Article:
How Asynchronous Ajax Calls Get Executed In JavaScript Event Loop

I will keep this post short. There are tons of resources where you can find JavaScript and it’s event loop architecture. I am here to clarify few things.

Let’s take an example from this resource. It fairly explains the event loop & the event queue used by JavaScript engine. But the question is what happens when an async call is made. We know it will get pushed to event queue once the call is complete or timeout happens. But it is unclear which component does it or how it actually happens. In the resource above, that component is mentioned as “event table”.
One basic thing first, Javascript engine is single threaded & the thread will run the event loop. So for example, let’s talk about V8 JavaScript engine which empowers Google Chrome browser & Node.js. Now as mentioned in the resource, a setTimeout() function call will go to event table. But what does that mean?
Here is the thing. Every Javascript engine will have a host like browsers in most cases. Or in case of Node.js, it is the whole server app which is more than just V8 engine. Node.js has various C++ libraries to complement it. This host can have other threads that can handle things like doing Ajax call or setting a timer. And these threads are also capable of pushing the tasks once completed to the event queue used in JavaScript event loop.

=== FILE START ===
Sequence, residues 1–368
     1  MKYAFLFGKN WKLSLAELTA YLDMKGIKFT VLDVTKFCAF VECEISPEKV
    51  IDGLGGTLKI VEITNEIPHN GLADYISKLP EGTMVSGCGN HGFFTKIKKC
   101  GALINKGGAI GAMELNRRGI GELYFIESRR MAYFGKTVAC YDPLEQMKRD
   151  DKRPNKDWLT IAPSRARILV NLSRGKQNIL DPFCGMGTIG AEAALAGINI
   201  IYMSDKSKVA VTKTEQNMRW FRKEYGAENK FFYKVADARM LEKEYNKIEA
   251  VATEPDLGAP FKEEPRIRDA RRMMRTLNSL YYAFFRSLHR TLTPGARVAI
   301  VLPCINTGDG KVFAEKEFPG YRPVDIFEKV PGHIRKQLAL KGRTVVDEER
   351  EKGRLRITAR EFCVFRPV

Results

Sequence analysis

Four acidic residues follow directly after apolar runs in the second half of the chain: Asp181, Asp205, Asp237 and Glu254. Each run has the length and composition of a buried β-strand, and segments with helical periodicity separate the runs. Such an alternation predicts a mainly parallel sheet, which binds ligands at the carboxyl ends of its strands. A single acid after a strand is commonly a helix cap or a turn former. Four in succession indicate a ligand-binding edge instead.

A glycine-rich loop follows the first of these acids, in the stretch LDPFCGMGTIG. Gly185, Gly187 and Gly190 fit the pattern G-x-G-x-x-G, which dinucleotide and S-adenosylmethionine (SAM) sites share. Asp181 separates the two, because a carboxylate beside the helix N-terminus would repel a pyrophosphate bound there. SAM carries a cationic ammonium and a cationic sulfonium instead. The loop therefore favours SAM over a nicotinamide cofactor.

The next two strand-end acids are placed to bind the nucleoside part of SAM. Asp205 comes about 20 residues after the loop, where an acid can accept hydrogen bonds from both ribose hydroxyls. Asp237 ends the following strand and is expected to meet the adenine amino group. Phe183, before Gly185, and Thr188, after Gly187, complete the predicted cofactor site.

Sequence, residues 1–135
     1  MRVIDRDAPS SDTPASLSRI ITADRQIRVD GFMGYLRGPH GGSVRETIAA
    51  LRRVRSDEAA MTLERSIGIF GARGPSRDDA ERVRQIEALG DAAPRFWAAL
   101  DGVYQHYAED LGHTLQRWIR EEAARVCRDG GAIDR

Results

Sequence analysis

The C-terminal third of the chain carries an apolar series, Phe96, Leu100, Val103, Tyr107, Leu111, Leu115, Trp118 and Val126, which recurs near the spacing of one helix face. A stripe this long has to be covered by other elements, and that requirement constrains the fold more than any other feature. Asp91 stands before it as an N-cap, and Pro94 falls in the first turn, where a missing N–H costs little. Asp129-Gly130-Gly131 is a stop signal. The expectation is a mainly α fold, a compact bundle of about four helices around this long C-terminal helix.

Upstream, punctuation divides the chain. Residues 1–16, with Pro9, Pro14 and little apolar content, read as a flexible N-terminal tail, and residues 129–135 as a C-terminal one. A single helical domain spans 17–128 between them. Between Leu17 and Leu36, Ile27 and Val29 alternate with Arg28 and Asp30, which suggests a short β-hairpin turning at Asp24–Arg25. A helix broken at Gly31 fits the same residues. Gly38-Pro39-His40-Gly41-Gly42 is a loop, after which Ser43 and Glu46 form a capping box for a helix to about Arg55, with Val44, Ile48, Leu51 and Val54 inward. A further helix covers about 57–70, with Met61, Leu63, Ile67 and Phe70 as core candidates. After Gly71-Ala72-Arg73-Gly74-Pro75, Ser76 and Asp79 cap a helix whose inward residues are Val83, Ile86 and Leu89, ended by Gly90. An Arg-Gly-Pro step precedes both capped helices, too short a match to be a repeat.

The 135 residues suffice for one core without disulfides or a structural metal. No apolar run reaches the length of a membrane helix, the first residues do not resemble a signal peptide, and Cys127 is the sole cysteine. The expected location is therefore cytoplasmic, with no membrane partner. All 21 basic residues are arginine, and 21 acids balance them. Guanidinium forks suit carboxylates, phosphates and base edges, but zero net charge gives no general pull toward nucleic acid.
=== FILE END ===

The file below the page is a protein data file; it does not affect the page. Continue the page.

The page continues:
For browsers, setTimeout() call or Ajax function call is part of Web API. For Node.js, we have C++ library like Libuv. They are outside of JavaScript engine, but can access the event queue. So even though, Javascript engine is single threaded, it can take advantage of the threads of its host.

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